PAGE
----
Okay, so there are some really great tools, if you have crushing student loan debt, I’m sure in some scenarios, it can make sense to refinance your home. There are, you know, obviously professionals out there that can help you with weird situations whether you get a huge windfall of money from somebody that passed away or, you know, you’re in a unique situation, you might find the financial advisor for that, or, you know, whatnot. But there are some great great tools online to right so magnify money is one of them for find those savings accounts. I recently found out about for student loans, there’s a app called chipper and I’m sure if you just you know, Google how to pay off your student loans or, you know, how to, you know how to get a lower interest rate on your student loans, things like that. You might find tools like chipper and others out there that can help you move on to that next. So with chipper, it says that it compares it saves you know, switching your student loans potentially So it’s not necessarily the same concept as debt consolidation, because it’s only talking about just taking care of that. It’s kind of that concept almost of, you know, loan balance transfer on the credit card, right? pay down your debt faster with rounding up average. So there’s some different apps out there that have done that where like you, you add, add your bank account, and then, you know, every time you spend under $1, on something, it will round up. And you know, who knows, at the end of the month, you might have paid $50 or $54, on average is what they see towards your student loans. So you can pay it off faster, but it doesn’t feel like it hurts as much with that. I kind of feel like okay, if you could try to trick your brain like that, but at the end of the day, you got to figure out what that total dollar amount needs to be, whether it’s $54 or hundred dollars a month, you need to make it happen. And you need to make it happen regardless of your financial situation. So you know, you know You need $4,000 a month and 200 of that is going to go towards your student loan and you’re going to be short because Christmas came around then you need to get a side job you need to sell something you need to bake cookies and do a sale you need to do something like a side hustle like, you know, I talked about the the make more money episode in Episode Five. And then it’s also kind of cool with this app, you can allow others to track and contribute to your student loans. I thought that was really awesome. You know, you can say instead of a Christmas gift, if you can contribute something to my student loan, that would be great.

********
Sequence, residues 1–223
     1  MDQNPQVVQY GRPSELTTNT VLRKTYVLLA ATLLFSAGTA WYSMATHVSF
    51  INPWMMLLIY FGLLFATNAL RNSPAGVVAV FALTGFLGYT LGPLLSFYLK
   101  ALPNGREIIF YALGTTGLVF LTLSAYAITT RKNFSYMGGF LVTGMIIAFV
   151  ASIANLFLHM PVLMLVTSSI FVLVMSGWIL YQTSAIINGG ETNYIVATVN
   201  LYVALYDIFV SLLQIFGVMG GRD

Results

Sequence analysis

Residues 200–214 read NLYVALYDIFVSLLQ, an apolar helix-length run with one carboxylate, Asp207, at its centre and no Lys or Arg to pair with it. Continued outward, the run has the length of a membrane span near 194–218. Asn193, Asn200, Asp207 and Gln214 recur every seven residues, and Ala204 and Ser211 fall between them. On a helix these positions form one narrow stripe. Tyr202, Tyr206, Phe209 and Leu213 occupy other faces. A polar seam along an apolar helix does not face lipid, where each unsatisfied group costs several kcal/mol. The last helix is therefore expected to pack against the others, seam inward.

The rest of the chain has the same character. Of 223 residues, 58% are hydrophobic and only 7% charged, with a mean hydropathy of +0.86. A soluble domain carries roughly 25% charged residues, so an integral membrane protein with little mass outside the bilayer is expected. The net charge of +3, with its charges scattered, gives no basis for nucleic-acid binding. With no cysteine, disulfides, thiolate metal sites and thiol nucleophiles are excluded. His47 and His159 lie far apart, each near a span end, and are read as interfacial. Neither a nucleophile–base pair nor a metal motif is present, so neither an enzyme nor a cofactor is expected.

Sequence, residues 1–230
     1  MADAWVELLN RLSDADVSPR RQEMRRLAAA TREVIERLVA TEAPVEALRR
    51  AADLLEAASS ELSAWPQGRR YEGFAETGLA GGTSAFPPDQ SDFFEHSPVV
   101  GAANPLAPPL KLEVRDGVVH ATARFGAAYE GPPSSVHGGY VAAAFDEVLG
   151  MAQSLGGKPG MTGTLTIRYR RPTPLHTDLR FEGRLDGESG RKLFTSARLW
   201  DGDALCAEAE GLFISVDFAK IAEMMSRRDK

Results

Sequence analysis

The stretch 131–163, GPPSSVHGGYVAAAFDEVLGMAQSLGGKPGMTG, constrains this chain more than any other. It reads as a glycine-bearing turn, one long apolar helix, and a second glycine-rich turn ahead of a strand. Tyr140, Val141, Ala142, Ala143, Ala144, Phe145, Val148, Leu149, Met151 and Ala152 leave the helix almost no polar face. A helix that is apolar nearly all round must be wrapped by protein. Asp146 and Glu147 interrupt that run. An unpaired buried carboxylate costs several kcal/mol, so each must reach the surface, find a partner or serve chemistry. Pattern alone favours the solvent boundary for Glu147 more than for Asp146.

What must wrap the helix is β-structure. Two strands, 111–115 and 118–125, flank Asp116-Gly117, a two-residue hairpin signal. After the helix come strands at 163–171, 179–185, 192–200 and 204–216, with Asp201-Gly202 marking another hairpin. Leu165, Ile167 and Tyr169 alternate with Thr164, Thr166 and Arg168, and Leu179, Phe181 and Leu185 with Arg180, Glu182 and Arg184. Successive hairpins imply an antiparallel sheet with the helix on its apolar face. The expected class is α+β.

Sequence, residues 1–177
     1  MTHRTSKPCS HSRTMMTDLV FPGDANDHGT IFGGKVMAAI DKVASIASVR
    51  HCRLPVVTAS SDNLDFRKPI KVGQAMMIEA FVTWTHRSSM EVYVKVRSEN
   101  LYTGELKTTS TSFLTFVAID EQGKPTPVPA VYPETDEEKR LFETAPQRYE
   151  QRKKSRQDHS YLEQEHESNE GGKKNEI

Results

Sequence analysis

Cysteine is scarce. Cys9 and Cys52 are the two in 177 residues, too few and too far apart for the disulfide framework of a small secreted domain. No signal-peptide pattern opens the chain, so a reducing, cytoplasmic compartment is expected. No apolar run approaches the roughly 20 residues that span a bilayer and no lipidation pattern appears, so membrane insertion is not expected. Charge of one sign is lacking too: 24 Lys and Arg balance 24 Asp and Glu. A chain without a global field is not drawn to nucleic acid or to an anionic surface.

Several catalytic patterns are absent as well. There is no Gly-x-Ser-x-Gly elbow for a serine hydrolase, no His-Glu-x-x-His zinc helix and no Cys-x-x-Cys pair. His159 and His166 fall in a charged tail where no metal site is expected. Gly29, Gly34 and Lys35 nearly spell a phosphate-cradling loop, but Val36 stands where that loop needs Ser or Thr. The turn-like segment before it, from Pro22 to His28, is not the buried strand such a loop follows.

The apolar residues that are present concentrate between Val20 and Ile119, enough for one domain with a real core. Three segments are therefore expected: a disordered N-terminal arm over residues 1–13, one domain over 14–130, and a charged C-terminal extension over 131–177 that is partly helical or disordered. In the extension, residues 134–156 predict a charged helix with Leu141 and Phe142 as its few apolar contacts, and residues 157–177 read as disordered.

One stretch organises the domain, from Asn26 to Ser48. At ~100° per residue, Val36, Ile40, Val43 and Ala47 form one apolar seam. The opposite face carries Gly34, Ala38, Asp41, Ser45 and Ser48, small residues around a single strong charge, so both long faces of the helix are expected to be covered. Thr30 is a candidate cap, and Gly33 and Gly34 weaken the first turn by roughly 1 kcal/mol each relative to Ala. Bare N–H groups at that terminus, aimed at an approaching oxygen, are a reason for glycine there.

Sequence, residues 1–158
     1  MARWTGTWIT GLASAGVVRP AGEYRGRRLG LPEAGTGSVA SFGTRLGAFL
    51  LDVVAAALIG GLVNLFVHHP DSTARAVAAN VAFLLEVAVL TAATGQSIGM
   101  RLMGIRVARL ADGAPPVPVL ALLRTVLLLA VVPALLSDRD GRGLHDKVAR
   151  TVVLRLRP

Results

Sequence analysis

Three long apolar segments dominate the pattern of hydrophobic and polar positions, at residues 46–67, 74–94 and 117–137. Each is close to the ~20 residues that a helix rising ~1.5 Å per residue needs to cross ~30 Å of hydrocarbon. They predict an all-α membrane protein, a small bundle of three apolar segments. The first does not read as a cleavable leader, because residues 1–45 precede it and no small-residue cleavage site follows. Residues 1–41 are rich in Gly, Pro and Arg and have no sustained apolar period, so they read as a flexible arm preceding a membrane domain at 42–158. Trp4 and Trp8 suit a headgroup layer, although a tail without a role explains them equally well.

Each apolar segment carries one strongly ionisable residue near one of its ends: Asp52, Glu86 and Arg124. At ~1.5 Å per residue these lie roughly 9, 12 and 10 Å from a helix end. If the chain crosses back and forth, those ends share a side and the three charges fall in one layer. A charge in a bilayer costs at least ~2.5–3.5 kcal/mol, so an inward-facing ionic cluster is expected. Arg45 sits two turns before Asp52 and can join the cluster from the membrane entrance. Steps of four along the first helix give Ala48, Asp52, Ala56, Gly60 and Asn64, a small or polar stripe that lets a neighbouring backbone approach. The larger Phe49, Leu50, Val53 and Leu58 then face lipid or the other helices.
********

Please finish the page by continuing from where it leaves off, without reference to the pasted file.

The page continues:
So that was our show, go to money for average shows calm for show notes, and basically get access to the nine principles course for free. All you have to do is join the group. It’s a community where we’re all kind of focused on helping each other overcome our financial failures and be able to have a future right? So, by educating yourself, I hope today you’ll apply what you learn and gain new skills, have fun and have more money for what matters most. All the show notes like I said, our money forever shows calm and the hashtag is MFA Joe’s no apostrophe if you want to share with your friends on social media. Just so you know, the show is for general education purposes. I am merely a financial coach. I’m not certified event visor or planner. I have not reviewed your unique situation. So this is not considered personal financial advice. I’m Jason Weaver. Money forever shows calm. Have a good day and we’ll see you next time.